Don't get caught in the dark if a storm or other disruption knocks out your power. You can protect your home and your family with a backup generator. Read on for tips on how to pick out the right one for your house.
Why Do I Need A Generator?
Blackouts are unpredictable. Of course, you can have family fun in a power outage, but if the lights stay off for an extended period of time it can mean trouble. If you rely on electric heat and the power doesn't come back on promptly in cold weather, your pipes could freeze and your home could even become too cold for human habitation. In the summer, you can end up sweltering with no air conditioning while all the food in your refrigerator spoils. Smart homeowners are prepared to keep their electrical systems up and running no matter how long it takes the utility company to restore power.
What Are My Options?
You can buy a small portable generator if you just need to keep a few appliances functioning. Plug your equipment into the portable generator directly, or a special connection to your circuit box can be installed to allow you to plug into your wall outlets as normal. Be careful not to overload the generator, or you can cause it to short out.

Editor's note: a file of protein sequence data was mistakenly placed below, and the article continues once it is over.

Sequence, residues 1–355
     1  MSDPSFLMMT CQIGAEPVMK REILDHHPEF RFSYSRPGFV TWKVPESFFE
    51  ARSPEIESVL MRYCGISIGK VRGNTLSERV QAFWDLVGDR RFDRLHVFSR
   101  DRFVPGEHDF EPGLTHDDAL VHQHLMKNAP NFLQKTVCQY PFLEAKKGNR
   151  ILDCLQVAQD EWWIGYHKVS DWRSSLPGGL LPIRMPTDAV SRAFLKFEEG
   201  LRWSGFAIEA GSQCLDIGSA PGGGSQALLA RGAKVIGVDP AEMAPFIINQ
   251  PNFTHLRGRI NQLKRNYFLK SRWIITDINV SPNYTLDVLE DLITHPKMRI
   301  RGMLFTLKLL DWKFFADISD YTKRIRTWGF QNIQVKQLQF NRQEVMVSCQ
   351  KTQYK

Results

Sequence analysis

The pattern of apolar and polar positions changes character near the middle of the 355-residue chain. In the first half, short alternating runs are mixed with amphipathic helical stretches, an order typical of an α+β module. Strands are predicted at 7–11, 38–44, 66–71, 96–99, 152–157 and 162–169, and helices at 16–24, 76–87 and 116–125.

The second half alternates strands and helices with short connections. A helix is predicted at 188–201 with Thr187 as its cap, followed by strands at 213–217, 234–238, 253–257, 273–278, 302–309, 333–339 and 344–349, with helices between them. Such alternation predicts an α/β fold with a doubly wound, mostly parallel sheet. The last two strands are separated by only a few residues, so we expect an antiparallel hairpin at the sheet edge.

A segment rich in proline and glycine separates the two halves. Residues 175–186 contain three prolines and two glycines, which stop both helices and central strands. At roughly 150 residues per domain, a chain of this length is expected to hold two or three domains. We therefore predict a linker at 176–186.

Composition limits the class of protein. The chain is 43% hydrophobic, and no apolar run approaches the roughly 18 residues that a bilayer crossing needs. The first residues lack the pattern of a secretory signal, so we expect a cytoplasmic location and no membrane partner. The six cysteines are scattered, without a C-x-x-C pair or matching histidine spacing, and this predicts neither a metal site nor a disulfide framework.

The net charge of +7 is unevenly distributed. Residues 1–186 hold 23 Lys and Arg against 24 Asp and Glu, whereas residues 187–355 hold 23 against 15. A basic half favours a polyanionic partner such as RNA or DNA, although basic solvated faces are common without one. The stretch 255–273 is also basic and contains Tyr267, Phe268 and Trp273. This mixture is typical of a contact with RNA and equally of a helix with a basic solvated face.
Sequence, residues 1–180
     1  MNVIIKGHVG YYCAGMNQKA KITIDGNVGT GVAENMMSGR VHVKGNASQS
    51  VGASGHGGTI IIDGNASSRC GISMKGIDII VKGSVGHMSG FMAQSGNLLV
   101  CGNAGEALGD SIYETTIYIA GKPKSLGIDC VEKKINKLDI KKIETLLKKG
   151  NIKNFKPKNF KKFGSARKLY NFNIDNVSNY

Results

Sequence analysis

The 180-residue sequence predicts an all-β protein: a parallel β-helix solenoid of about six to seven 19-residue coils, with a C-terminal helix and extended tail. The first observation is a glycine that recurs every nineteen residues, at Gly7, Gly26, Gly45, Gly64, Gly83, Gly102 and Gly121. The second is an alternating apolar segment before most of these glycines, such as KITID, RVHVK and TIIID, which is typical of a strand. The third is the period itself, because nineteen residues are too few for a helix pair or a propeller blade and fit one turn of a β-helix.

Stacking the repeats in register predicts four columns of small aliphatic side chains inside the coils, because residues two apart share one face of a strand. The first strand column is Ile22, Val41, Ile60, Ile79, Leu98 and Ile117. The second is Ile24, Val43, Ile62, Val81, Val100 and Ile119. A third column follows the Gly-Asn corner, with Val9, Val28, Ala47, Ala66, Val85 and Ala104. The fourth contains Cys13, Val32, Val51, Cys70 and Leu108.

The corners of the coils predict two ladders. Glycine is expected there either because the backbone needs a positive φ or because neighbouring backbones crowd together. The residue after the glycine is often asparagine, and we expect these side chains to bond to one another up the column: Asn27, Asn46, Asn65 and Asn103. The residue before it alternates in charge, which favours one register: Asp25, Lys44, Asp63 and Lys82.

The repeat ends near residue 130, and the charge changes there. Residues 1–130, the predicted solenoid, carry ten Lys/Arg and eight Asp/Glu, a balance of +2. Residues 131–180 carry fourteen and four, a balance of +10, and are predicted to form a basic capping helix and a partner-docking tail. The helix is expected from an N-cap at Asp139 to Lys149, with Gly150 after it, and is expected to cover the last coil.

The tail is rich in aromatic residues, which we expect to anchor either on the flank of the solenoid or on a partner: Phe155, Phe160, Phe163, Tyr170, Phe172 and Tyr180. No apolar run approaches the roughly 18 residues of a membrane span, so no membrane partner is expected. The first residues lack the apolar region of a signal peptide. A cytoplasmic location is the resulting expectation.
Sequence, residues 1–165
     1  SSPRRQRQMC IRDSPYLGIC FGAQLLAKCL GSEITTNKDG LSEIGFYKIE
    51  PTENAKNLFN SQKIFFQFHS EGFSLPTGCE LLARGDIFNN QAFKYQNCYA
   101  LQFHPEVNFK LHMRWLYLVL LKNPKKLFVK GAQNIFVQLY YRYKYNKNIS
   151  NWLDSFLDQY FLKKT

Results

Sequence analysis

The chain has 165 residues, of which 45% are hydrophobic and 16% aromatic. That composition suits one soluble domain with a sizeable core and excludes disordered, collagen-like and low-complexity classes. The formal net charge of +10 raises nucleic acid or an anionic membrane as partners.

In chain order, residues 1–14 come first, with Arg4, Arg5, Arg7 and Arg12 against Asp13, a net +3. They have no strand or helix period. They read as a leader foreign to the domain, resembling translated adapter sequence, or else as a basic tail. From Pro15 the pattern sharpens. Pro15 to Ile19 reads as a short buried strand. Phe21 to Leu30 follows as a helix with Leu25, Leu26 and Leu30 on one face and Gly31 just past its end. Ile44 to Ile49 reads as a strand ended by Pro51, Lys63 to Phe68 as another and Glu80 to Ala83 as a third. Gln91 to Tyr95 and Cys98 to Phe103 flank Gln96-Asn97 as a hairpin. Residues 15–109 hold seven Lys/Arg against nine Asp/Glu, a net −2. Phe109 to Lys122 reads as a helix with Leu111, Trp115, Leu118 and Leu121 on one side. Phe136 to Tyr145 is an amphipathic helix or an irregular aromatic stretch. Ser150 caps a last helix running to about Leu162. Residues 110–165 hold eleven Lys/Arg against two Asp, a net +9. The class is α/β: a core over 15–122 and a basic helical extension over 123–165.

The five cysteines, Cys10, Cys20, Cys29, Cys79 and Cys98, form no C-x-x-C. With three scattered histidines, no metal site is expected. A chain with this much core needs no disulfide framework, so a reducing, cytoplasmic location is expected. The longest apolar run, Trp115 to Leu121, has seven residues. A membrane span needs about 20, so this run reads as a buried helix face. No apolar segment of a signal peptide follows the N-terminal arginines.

A standby generator is the best option if you want to keep your whole house online. Standby generators run off your gas connection (or you can attach a propane tank) and they turn on automatically when the power goes out. Standby generators are simpler to use once they are installed because you don't need to worry about cords or even turning it on yourself. However, they can cost $10,000 or more.
You should choose the size and power of your generator based on how much electricity you will need in an emergency. Adding up the wattage of all the equipment and appliances you want to keep online will give you a baseline to use as a guide. Portable generators range in capacity from 1,000 watts to around 17,500 watts, while heavy duty standby generators can handle up to 30,000 watts and above.
If you get a portable generator, never run it inside. Find a level surface at least ten feet from your house, and connect properly-rated extension cords to the appliances you want to run. Because most portable generators burn gasoline, placing one too close to your home can put you at risk of carbon monoxide poisoning. Don't forget to inspect the extension cords for any fraying or damage and ensure they are rated for outdoor use.
Never modify an extension cord or plug your portable generator directly into a wall outlet. This will send electricity back through your circuit box and onto the grid, creating a danger to utility workers fixing the wires.
Choosing the right generator, not to mention properly installing it, can be tricky. Call an expert electrician to help you purchase and set up your new generator so you know that the lights will stay on the next time the power goes down.
Call local Mister Sparky® for generator advice or assistance. We're always here to help!